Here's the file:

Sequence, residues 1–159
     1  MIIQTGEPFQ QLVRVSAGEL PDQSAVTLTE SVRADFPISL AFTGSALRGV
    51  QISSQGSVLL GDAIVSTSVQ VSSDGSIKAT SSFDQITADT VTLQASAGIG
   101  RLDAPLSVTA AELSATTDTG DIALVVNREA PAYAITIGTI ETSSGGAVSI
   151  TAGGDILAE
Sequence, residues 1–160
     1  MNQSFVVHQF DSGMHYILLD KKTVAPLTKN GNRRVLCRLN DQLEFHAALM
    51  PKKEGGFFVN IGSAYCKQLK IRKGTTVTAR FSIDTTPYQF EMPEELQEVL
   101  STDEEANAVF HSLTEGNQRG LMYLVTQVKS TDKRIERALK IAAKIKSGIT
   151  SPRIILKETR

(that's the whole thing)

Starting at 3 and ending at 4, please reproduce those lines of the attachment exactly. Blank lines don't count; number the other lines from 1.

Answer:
    51  QISSQGSVLL GDAIVSTSVQ VSSDGSIKAT SSFDQITADT VTLQASAGIG
   101  RLDAPLSVTA AELSATTDTG DIALVVNREA PAYAITIGTI ETSSGGAVSI